Barren sections of the Harvey River Main Drain will be revitalised as part of a unique trial to create natural habits for wildlife in and around rural drains.

The trial is the first of its kind on a Water Corporation drain in regional WA and follows the transformation of several stormwater drains in Perth under the utility’s Drainage for Liveability Program.

Work includes revegetating drainage banks and strategically placing wooden logs within the drain to imitate a natural stream. Murdoch University scientist Steven Beatty is part of the team delivering the project. He said once established, the new habitat would provide a home for native animals such as marron, Quenda, freshwater turtles, birds and water bugs.

“By installing logs to mimic natural waterways we can create a habitat suitable for many different species, but particularly for freshwater marron which like to live around submerged wood,” Mr Beatty said.

“Together with our citizen scientists who will help monitor the program, we hope to see signs of much more fauna in the area over the next year or two.”

Water Corporation South West Regional Manager Nicky Waite said the project was part of a move to transform drains in natural habitats.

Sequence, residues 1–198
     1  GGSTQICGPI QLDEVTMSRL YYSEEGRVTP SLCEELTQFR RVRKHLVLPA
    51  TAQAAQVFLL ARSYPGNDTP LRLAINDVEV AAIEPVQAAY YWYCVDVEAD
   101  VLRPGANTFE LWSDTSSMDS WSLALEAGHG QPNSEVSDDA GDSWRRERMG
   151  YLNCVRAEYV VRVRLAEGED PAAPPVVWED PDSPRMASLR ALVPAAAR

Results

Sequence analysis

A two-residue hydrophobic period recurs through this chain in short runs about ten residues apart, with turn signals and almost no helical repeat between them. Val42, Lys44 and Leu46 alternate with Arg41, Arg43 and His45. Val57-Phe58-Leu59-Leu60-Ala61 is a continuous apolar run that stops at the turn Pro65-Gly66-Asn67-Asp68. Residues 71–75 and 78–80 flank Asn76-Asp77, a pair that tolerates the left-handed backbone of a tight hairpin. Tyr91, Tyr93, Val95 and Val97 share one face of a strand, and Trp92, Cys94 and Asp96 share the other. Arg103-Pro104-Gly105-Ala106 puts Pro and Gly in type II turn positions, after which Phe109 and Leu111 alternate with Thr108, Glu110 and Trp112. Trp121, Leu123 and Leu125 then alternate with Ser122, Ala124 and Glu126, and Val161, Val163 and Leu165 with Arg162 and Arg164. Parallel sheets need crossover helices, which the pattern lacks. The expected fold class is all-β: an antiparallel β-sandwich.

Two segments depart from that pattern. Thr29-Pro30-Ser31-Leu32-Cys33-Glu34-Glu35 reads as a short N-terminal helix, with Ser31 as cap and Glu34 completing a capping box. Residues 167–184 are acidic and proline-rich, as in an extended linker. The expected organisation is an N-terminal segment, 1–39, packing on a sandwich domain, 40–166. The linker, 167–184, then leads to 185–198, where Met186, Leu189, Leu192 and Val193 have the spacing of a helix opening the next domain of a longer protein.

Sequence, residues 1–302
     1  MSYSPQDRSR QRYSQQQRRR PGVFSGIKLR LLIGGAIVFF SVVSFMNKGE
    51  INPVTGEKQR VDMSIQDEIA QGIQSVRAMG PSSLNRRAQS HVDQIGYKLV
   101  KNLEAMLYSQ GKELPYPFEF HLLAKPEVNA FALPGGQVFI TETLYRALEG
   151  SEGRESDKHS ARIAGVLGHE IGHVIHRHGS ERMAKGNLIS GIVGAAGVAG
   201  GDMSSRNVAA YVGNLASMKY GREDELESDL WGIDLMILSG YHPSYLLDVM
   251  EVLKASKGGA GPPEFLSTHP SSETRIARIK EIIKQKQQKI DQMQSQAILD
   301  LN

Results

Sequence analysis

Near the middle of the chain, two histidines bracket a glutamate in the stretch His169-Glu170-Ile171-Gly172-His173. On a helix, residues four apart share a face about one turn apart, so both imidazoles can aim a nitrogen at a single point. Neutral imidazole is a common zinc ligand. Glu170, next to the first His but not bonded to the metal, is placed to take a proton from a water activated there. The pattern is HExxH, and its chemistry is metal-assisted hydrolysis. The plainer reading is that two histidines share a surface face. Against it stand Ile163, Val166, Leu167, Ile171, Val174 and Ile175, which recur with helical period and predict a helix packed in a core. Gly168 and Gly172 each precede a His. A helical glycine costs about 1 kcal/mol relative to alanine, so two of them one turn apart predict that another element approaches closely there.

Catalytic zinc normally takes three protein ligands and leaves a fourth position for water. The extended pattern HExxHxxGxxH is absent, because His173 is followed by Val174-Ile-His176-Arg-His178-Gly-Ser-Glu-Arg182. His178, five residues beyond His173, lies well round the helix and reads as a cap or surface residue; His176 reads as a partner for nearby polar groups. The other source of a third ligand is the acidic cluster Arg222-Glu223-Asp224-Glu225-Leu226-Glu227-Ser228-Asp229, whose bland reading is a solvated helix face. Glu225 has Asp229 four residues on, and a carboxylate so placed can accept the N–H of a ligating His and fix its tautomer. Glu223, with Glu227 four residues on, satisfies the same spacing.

“Our understanding of the environmental has changed significantly since the early 1900s when the primary function of drains was flood mitigation,” Ms Waite said. 

“With the help of science, we are now looking towards more sustainable ways of managing infrastructure so that drains can be better integrated into the natural environment.”

“This project and others like it across WA, reflect Water Corporation’s focus on environmental stewardship, and we’re really looking forward to some positive outcomes.”

The revitalisation of the Harvey River Main Drain is a collaborative project between Water Corporation, the Harvey River Restoration Taskforce, Greening Australia and the Alcoa Foundation.

Water Corporation is providing up to $135,000 over three years, with further funding from the State Natural Resource Management Program and Peel-Harvey Catchment Council through the Royalties for Regions Regional Community Services Fund. In kind support is also being provided by Main Roads WA and Picton Civil.

“This project is a wonderful example of how government agencies and the community can work together to protect, enhance and connect waterways and wetland habitats in the South West,” Ms Waite said.

Media contact:

Kylie Olney
Senior Advisor – Customer & Stakeholder
Phone: 0428 938 847
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